Melvin Calvert, who trains a small stable of racehorses for Mrs. Frances A. Genter, is 4 feet 11 inches of ex-jockey hidden behind a permanent smile. Long ago he acquired the nickname of "Sunshine," and as a trainer he's had good reason to smile. He developed Rough'n Tumble, who won a Santa Anita Derby, and in 1959 Rough'n Tumble's daughter, My Dear Girl, won the Gardenia on her way to the 2-year-old filly championship.
But, above all, Sunshine Calvert is a realist, which makes him a rare specimen among horsemen. Last season, even after Mrs. Genter's In Reality—a Florida-bred by Intentionally out of My Dear Girl—won four out of seven races, including a victory over Successor in the Pimlico Futurity, Sunshine was not given to wild optimism. "We're not thinking about the classics yet," he said. "His breeding might suggest that a mile is his best distance, but we'll run him in the Florida stakes and see what happens."
The seven-furlong Hibiscus at Hialeah is the first of these tests for 3-year-olds aiming for the Kentucky Derby, the Preakness and the Belmont Stakes. Last week, when In Reality won it easily by two lengths over 13 mud-splattered rivals, it proved that the strong and blocky bay has lost none of the form that made him one of the half dozen best juveniles a year ago. It proved, too, that Sunshine Calvert is better than a green hand at handling winners: In Reality was the only runner in the field equipped with mud caulks to combat the slippery going.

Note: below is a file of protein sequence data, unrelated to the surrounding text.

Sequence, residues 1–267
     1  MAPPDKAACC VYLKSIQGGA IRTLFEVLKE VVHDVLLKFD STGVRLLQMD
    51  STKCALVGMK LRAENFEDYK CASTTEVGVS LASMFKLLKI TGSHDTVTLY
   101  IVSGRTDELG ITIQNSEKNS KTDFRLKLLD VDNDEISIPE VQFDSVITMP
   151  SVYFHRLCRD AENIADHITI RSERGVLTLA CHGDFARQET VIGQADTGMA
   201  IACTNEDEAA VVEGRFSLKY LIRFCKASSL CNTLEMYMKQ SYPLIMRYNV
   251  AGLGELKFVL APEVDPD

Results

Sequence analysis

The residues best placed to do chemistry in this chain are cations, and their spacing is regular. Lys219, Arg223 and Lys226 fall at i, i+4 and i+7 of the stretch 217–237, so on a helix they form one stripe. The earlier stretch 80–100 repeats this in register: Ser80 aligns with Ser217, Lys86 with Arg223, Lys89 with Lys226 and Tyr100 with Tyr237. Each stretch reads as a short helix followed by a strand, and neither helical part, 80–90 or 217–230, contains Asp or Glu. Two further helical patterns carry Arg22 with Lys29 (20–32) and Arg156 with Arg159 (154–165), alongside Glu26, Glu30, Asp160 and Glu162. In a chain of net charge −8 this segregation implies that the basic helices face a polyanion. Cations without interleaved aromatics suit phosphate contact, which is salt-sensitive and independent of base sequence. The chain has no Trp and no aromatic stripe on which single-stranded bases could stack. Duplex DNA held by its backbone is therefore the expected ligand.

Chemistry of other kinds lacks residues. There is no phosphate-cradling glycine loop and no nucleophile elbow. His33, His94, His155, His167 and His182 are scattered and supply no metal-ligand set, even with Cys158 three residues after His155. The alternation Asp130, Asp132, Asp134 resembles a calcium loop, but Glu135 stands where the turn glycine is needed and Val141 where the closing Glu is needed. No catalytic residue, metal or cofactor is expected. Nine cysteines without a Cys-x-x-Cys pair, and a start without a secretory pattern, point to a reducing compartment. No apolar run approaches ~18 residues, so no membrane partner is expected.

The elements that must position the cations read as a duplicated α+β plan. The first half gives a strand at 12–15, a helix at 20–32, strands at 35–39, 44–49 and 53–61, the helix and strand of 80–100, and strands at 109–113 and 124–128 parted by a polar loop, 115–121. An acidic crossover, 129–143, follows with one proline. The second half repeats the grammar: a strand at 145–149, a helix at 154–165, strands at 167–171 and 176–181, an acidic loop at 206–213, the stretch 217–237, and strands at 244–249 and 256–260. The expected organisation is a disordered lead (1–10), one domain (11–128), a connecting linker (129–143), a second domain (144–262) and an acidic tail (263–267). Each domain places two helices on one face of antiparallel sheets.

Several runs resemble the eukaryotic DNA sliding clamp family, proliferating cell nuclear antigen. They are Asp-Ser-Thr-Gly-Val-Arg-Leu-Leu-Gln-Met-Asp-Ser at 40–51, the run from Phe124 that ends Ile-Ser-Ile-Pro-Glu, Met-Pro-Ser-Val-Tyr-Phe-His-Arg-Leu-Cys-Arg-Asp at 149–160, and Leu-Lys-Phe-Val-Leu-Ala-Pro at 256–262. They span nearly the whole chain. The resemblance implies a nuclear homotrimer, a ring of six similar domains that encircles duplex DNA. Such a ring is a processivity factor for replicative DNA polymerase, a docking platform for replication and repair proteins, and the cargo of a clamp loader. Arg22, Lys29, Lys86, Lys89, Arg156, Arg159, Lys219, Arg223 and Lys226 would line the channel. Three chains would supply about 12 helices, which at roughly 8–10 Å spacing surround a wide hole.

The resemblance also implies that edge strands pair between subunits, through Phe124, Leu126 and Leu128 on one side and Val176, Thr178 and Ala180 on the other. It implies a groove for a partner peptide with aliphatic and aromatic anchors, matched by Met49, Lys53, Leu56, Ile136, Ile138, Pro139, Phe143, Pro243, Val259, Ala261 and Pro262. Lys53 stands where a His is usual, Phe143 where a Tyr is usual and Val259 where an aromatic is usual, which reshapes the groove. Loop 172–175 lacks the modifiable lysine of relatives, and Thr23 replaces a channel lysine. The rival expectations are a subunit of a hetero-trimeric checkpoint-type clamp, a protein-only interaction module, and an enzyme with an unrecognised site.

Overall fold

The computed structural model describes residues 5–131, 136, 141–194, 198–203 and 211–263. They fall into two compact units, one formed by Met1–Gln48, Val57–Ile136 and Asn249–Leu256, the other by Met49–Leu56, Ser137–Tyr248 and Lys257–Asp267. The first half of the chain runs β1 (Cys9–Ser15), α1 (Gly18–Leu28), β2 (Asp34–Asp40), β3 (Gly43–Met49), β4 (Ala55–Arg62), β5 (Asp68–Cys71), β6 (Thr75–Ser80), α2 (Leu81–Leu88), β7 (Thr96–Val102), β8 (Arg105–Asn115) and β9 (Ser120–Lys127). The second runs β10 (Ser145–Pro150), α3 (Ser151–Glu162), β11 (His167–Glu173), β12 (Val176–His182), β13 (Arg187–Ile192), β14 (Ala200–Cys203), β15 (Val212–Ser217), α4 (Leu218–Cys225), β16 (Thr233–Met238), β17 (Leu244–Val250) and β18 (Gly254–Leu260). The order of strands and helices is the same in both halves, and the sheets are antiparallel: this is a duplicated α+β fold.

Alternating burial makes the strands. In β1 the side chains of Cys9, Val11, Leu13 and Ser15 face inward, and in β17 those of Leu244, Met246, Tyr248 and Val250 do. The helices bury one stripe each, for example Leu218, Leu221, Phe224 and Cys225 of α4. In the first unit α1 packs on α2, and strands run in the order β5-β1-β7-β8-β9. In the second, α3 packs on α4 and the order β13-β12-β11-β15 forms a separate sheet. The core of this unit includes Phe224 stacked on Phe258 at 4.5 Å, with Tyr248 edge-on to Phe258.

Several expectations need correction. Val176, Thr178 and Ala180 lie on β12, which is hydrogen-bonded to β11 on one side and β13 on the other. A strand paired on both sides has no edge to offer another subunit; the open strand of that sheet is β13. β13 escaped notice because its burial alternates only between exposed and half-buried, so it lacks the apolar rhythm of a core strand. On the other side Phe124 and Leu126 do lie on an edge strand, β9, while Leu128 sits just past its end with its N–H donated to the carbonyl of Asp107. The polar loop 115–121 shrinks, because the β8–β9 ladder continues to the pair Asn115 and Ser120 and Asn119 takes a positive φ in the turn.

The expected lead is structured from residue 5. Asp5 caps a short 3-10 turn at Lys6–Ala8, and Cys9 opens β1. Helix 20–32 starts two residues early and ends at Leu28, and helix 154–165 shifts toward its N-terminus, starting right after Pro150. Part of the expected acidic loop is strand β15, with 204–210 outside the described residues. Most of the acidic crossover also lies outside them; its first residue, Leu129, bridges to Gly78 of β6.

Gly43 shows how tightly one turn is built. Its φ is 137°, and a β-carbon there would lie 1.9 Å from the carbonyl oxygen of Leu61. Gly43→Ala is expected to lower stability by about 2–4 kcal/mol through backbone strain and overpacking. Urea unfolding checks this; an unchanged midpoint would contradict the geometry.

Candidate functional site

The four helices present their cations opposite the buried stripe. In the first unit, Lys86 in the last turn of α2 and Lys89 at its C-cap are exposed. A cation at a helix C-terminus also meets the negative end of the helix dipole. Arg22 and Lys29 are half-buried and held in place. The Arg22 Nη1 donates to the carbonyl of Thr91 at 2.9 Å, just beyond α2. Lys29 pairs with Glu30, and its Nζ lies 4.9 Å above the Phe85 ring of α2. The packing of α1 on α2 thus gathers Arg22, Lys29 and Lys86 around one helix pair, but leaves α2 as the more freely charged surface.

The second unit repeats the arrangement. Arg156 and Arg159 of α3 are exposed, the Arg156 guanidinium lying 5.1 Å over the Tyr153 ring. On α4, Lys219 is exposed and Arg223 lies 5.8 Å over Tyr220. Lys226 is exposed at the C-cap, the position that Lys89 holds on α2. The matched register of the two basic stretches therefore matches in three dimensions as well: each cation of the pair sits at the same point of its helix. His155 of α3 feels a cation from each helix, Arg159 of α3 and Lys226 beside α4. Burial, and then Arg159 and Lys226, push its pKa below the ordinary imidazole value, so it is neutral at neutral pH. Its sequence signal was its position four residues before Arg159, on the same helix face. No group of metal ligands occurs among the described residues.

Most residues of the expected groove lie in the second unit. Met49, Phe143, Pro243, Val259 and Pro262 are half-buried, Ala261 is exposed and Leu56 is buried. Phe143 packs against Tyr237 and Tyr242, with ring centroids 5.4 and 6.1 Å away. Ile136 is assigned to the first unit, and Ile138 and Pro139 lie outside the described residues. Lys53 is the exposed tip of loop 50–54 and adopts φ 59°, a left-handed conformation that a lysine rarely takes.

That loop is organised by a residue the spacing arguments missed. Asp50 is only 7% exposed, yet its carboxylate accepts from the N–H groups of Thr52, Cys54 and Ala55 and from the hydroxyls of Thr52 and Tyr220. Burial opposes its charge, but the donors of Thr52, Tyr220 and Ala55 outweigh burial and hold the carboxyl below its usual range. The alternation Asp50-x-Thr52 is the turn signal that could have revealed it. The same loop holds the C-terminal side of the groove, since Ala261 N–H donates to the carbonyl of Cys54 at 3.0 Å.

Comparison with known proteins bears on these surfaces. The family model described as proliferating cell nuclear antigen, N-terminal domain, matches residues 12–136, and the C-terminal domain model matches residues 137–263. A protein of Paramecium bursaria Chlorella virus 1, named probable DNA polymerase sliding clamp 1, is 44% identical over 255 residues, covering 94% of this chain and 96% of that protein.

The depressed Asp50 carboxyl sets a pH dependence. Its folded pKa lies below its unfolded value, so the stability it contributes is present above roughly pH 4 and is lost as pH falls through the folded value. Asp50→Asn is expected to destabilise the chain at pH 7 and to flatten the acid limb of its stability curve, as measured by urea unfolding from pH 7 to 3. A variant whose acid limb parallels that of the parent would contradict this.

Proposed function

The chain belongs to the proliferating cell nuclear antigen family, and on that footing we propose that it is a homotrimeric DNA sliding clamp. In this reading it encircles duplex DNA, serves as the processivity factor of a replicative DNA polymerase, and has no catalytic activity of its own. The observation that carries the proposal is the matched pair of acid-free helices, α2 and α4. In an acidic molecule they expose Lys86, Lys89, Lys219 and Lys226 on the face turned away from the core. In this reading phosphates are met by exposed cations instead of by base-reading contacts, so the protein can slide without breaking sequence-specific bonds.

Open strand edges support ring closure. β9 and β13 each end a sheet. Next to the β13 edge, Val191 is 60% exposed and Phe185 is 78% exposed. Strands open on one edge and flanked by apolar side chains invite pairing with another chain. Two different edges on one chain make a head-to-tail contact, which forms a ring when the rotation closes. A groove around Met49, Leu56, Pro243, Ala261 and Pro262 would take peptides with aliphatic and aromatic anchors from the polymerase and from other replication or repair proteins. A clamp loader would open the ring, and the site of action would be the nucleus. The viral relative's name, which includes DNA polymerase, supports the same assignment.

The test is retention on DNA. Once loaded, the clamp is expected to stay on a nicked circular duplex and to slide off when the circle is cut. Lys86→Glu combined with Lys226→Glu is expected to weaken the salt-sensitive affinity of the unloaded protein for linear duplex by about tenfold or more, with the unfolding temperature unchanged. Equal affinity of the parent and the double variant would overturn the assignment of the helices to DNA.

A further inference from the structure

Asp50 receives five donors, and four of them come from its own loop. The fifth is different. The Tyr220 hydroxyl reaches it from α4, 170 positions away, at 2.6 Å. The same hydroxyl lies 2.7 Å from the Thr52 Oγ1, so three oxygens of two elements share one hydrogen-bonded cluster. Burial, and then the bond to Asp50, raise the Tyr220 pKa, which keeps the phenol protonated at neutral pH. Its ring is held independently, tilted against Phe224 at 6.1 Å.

This victory, at seven furlongs in the mud in January and in the fair time of 1:23 4/5, does not mean that everyone should immediately race to get down a winter book bet on In Reality for the Derby on May 6. What it does mean is that the colt will be a strong factor at Hialeah, at least until he tries going a mile and an eighth.
January 30, 1967
In the 32nd Hibiscus, In Reality simply bolted out of the gate, took the lead away from Flying Tackle almost immediately and then ran away from his field. Patrice Jacobs' Reason to Hail, who did nothing outstanding last year, came from way out of it to be second over Native Guile, with the Canadian-bred Cool Reception a respectable fourth." The biggest disappointment of all was George Widener's Bold Hour, who beat Successor in The Futurity last September and outran three other Phipps colts—Great Power, Top Bid and Disciplinarian—in the Hopeful at Saratoga. After running fourth into the far turn and taking a lot of mud in the face, Bold Hour chucked it and finally finished eighth. Another disappointment was Calumet Farm's Balouf—from the last crop of Bull Lea—who was fifth.
There is a likelihood that, with the possible exception of Bold Hour and one or two others, no classic winners came out in the rain on Hibiscus day. Dr. Fager, beaten only once last year (by Successor in the Champagne), had missed a couple of work days because of a minor blood infection and skipped the race. And the Phipps empire, trained by Eddie Neloy, sent out only a token entry in Great White Way. It was a real token: Great White Way finished 13th. Neloy has Successor on the grounds, but he is only at Hialeah to train and won't start until Aqueduct in the spring. Great Power will get his first start soon, while Bold Monarch lost his first race of the year on Hialeah's opening day to Calumet's Balouf and then barely beat an ordinary field at seven furlongs in an allowance race on the Hibiscus card.
The most impressive race during Hialeah's opening week was turned in by John Galbreath's first-time starter, Cup Race. A son of Sailor and Flower Bowl—which makes him a half brother to Graustark—Cup Race romped home by seven lengths. His next outing will probably be against In Reality and Dr. Fager in the Bahamas on Feb. 1, and then more will be known about all of them. Until then the smiles still belong to Sunshine.